Sanjay Khanna is a futurist, speaker, and thought-leader who sits on the advisory group of the City of Toronto and TAF project, TransformTO.  This is the fifth interview in our TransformTO Talks series with multi-sectoral experts.


TAF: Can you tell us about your current work and interest in the topic of resilience?

Sanjay: I began my work looking at disruptive change caused by the increased use of technology by organizations and individuals, and how that could yield unintended consequences for society. Then I started looking at the potential underlying impacts of climate change, and as a result, grew increasingly concerned about the long-term health and wellbeing of societies around the world. My concern grew about how a faster rate of change would affect not only our evolution as a species but our behavior as individual community members. Hence the interest in community-based resilience.

TAF: Why did you personally agree to participate as an advisor in TransformTO? How does your work relate to this project?

Sanjay: As a consultant I’ve looked a lot at adaptation to megatrends and emerging shocks, including economic and social shocks. I look at the role that preventative actions can play in helping our society adapt to change and, where possible, find areas to thrive. The most concerning thing about climate change is that it could reduce opportunities in areas where we want to grow opportunity. So I chose to participate in TransformTO because it’s an effort that aims to prevent future repercussions – it’s an important piece that relates to preventing harm.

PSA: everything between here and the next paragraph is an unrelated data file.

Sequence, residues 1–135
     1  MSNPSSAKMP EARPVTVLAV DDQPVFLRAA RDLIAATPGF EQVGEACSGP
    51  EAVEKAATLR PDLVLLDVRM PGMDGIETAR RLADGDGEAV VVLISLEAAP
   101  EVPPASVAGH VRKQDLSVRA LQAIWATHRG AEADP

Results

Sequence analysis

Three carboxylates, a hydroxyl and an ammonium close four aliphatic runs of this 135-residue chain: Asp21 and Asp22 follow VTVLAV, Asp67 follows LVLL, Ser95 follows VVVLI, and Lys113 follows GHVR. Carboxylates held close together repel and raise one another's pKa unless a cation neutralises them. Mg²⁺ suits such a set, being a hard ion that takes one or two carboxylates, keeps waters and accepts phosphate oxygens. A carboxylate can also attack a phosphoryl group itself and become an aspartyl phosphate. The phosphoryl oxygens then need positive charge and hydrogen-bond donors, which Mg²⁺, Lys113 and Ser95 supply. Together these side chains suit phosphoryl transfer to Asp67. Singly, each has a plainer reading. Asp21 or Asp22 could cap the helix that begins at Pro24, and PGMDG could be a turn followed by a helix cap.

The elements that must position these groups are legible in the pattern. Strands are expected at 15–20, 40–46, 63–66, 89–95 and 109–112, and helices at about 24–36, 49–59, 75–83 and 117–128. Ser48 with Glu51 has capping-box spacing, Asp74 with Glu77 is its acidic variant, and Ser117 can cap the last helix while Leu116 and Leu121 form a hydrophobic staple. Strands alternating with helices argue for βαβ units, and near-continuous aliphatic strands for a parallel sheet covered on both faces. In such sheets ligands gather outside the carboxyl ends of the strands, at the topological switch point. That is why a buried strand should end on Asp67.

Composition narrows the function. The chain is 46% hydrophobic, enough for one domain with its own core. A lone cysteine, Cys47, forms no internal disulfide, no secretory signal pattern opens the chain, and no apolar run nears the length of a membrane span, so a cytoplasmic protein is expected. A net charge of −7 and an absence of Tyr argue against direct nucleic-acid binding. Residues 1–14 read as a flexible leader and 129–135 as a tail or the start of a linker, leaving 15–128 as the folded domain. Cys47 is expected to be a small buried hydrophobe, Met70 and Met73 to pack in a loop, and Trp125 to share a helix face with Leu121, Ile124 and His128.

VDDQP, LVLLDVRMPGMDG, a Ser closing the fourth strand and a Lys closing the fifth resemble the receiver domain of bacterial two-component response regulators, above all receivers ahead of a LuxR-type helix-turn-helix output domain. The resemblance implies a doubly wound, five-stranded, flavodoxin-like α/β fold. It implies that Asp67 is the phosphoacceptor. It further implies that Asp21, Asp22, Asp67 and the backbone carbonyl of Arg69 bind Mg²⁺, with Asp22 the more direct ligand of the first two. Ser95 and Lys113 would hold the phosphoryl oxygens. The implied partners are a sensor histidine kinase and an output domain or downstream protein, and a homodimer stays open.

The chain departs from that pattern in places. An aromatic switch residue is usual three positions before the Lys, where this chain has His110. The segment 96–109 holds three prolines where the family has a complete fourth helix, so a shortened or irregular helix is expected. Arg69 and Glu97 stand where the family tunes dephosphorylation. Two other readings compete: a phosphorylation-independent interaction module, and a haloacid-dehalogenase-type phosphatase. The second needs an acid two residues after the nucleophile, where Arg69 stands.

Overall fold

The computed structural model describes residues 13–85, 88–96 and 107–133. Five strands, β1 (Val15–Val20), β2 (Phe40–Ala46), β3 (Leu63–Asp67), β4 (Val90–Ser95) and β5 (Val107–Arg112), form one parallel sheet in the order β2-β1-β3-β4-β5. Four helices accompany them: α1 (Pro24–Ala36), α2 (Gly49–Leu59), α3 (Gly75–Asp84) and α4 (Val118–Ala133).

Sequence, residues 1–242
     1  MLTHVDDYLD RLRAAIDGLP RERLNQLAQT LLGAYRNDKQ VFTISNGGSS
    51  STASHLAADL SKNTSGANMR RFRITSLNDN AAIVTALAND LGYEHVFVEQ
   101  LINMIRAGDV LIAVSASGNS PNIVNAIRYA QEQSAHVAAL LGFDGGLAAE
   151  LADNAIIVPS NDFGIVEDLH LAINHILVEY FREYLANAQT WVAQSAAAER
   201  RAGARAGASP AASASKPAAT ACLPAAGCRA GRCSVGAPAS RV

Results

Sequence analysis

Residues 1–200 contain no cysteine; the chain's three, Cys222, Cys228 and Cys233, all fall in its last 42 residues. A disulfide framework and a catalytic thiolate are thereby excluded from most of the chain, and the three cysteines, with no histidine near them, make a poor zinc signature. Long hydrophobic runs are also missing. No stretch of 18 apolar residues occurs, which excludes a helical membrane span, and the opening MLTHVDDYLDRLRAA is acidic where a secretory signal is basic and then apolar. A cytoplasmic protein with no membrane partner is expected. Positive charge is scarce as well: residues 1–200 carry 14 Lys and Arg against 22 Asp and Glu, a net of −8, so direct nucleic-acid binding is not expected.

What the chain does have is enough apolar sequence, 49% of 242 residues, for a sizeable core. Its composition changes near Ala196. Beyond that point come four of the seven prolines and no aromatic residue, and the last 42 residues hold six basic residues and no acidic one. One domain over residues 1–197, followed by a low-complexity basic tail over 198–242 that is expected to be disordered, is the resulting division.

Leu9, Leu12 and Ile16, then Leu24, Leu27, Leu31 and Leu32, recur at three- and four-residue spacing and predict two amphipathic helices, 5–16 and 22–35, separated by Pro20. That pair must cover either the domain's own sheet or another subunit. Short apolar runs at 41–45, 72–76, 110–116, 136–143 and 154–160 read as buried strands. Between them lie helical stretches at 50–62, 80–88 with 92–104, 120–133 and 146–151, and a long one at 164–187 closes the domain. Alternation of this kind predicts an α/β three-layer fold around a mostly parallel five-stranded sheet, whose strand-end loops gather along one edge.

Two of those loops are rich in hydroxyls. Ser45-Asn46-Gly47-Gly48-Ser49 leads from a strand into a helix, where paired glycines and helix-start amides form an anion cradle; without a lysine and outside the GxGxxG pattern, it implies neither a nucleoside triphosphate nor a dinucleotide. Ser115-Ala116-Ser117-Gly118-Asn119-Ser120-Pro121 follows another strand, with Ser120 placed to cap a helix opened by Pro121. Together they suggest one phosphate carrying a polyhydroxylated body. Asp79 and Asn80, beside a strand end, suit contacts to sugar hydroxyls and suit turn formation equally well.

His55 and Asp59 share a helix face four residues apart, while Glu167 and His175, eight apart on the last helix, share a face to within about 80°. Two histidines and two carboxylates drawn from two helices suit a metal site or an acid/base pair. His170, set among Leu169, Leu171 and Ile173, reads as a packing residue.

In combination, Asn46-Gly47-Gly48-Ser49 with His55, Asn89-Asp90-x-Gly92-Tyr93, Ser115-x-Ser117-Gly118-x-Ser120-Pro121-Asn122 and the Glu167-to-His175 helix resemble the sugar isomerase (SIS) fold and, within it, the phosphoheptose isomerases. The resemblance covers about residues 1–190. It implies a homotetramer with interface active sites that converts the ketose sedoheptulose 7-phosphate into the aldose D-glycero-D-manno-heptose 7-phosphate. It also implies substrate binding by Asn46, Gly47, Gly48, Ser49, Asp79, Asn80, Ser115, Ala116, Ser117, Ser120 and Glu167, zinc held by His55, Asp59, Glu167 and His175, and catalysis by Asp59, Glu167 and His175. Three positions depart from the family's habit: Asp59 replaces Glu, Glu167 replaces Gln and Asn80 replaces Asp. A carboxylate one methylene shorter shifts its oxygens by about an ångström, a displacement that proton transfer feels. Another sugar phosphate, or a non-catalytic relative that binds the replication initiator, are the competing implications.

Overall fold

TAF: Your work seems to focus specifically on climate adaptation, but are you suggesting that the mitigation actions that are the focus of TransformTO are just as important?

Sanjay: I think there needs to be interplay between them. The climate scientists say we’ve delayed mitigation for so long that now a significant amount of resources are needed for adaptation. And it’s not just the climate scientists. I work closely with the insurance industry, which would also say that from a climate adaptation perspective, we need to do a lot more to prevent flooding and to protect communities from extreme weather events. There is a lot of evidence that we’re now in an adaptive world – we still need to work hard on the mitigation piece – but I think it’s very important to identify the mitigation opportunities that work in harmony with adaptive measures and reinforce greater community resilience.